JK. But political will, political will is what makes an election work. If the overwhelming majority or the bulk of the electorate is satisfied with the result as being a fair reflection of what the people said they wanted their governance to be for the ensuing period, that's a free and fair election. That means that they've had an opportunity to make up their minds, they've had an opportunity to listen to the alternatives and they've had an opportunity to substantially express their views pursuant to that opportunity. So it means that you've had a reasonable campaign, you've had a reasonable electoral administration. It's not perfection. I think the Mexican example is still the best where they had in their last general elections I think as close to electoral administration perfection that you could find. An enormously elaborate and sophisticated and expensive identification and registration system, very small voting districts, a high degree of voter convenience, a high degree of professional skill in administration and in the execution of the election. The people didn't believe the governing party any longer, they didn't believe that they could allow an electoral administration to run a clean election and the election had no credibility because of the political climate, not because of the administrative climate. Our election on the other hand in 1994 was technically flawed in many respects but the people were satisfied that Kriegler and his crowd weren't crooking and that such crooking as there was was within reasonable limits and that the result was more or less what everybody wanted it to be, and then it works. That's free and fair I think. Lesotho, you've been keeping your finger on the pulse there? I think their basic problem is that they've got the wrong electoral system. They've got a winner takes all system which means that everybody who isn't the winner stands on the sidelines sulking. The LCD won 79 out of the 80 seats and the other guys say, "Hey, I want a share of the goodies, I want a say." Perhaps the election wasn't all that clean, I don't know, I wasn't there and there's an enquiry into it at the moment. But the basic problem is that the political will of the people is not reflected in the result. You need a lot of sophistication to be able to accept one of the inevitable consequences of a first past the post election and that is that you can have an overwhelming majority with a minority of the votes.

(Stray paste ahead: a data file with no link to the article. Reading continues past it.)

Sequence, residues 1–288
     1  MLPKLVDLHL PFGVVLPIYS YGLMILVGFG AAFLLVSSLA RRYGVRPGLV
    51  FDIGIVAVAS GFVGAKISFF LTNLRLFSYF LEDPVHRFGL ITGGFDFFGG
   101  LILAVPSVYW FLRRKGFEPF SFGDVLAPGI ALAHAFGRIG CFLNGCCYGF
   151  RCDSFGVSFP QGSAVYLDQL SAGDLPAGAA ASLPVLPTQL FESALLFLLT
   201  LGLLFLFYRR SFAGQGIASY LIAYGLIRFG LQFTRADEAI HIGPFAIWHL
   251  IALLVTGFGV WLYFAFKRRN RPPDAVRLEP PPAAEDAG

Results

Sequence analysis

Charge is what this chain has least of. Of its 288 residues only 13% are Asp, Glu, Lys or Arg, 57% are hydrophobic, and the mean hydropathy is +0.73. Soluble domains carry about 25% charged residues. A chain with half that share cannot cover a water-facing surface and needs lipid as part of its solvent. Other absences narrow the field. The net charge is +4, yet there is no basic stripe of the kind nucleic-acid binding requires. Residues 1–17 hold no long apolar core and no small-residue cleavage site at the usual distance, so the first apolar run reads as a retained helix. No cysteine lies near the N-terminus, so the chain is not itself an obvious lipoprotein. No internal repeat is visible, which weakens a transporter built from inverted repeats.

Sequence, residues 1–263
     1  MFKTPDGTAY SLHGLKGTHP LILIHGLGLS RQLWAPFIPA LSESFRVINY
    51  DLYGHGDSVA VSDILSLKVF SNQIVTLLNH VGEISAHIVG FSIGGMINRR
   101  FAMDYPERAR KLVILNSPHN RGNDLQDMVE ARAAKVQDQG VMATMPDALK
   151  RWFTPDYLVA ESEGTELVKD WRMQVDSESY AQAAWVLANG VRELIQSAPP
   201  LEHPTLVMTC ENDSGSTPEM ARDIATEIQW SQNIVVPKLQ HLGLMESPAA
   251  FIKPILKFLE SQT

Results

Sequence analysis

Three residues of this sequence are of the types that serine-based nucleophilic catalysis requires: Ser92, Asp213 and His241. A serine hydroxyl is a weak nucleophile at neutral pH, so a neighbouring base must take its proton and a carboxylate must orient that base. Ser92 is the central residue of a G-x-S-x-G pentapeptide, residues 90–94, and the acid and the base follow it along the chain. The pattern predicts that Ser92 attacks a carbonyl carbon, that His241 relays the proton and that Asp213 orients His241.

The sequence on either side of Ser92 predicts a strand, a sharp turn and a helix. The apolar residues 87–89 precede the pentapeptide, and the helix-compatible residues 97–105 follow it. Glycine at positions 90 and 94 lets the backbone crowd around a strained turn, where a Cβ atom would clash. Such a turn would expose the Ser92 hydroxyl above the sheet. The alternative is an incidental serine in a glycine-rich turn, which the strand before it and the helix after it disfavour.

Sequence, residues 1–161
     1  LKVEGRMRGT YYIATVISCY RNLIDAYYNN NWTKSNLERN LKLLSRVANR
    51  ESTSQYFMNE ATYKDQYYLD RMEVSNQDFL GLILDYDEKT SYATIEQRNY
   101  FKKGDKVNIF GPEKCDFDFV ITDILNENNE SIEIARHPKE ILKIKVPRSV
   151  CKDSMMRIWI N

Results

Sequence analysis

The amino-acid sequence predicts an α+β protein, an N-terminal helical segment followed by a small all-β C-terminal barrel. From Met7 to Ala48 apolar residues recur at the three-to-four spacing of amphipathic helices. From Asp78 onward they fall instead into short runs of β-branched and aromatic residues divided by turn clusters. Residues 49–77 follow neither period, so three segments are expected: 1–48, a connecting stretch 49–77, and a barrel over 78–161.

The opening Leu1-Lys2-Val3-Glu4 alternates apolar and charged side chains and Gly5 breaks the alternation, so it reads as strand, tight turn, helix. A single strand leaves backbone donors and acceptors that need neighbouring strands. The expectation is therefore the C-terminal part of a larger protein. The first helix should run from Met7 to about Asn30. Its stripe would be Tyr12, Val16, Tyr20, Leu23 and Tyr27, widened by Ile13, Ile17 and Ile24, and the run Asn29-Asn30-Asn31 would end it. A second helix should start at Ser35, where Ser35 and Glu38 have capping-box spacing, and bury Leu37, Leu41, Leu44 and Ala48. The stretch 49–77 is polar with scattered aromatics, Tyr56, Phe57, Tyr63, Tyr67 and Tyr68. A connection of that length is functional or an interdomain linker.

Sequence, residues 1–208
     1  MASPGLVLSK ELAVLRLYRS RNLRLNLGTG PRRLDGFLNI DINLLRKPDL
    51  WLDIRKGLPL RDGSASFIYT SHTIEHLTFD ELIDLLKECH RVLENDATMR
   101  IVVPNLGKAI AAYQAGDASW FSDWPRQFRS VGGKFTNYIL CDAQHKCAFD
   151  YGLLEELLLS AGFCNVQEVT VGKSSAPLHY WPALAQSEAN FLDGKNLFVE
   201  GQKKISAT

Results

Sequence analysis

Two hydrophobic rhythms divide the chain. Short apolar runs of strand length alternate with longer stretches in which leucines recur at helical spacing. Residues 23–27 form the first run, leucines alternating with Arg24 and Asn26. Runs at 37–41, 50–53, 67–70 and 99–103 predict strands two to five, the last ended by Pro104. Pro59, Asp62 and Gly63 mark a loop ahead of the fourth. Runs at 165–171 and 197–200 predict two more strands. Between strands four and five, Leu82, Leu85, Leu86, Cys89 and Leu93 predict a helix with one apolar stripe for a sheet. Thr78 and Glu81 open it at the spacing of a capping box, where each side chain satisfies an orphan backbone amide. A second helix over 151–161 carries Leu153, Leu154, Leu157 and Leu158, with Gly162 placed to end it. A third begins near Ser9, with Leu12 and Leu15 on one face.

POM. In the UK at the moment technically you could win 34% of the vote in terms of first past the post in a three party system and win every seat in the House of Commons.

JK. Yes. What did Labour get? 44%? And an overwhelming majority, they wiped the floor with the Tories.

POM. And two elections before that, in the 1992 election which Margaret Thatcher won, she got well under 40%, it was in the 30%s, and she ended up with an overwhelming -

JK. That's right. You need a sophisticated electorate to be able to accept that and to live with it, which they haven't got in Lesotho.